Being able to use math terminology freely and appropriately is a big goal in elementary math education. In my opinion, there's no way you can really use math vocabulary intelligently unless you've first had a chance to experience the concepts in a concrete manner. This is a huge part of what happens during a Math in Your Feet residency -- I am never surprised when an astonished teacher tells me: "I can't believe how easily they're talking about math!" It would not be an exaggeration to say that most of us need to do math with our bodies in some way before we can talk about it.
Much of the math my daughter and I do together is hands-on and verbal; as a learner, she is best served by conversation. We'll be in the car on the way to somewhere and she'll spurt out some new computation she's been working on in her head and with her fingers. She may only be working with numbers one through twenty but, based on the frequency and variety of these kinds interchanges, she seems to be going pretty deep into her questioning.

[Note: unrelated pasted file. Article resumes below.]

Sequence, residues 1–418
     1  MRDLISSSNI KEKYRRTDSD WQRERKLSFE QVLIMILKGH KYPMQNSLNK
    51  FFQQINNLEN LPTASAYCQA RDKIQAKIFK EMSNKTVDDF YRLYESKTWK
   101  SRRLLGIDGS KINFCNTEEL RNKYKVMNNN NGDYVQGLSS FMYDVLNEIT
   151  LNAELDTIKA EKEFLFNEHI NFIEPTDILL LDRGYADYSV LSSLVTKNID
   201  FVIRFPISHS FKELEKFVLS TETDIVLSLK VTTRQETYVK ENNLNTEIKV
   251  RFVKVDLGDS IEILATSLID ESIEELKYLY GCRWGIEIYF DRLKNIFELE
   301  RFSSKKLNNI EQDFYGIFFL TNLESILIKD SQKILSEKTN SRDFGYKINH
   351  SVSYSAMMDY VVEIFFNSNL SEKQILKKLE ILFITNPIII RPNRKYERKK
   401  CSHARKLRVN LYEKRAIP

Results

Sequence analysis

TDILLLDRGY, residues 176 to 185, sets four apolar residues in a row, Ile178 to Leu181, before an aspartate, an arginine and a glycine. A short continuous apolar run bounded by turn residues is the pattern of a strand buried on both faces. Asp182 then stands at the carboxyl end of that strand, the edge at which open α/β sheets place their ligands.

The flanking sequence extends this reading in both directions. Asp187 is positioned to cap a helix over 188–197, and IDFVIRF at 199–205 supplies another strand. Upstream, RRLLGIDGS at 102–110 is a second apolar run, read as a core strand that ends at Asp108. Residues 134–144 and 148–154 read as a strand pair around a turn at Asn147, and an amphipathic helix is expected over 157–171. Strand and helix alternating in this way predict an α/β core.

The other day I wrote Maria Drujkova from Natural Math with a (very) basic math question:
"My daughter is telling me all the different ways she can 'make ten'," I wrote, "what's that called in math language? You know, 2+8, 6+4, 9+1...?"
Maria, being the awesome person she is, got right back to me:
"These are called 'number friends' by elementary teachers. 10 is important as the base of our number system. She is playing with a newly-discovered idea of an 'equivalence class.' You can try it with other things. For example, numbers whose difference is her favorite number (10, 2, whatever) - like 15-5 or 12-2 or 99-89. It's a road to ratio and proportion, too - which come up a lot in music signatures and dance!"
Thanks to Maria, it appears my daughter and I will have a lot more to talk about, well in to the future! There are other ways we are talking math these days, as well. You can find out more in Conversational Math: Part Two.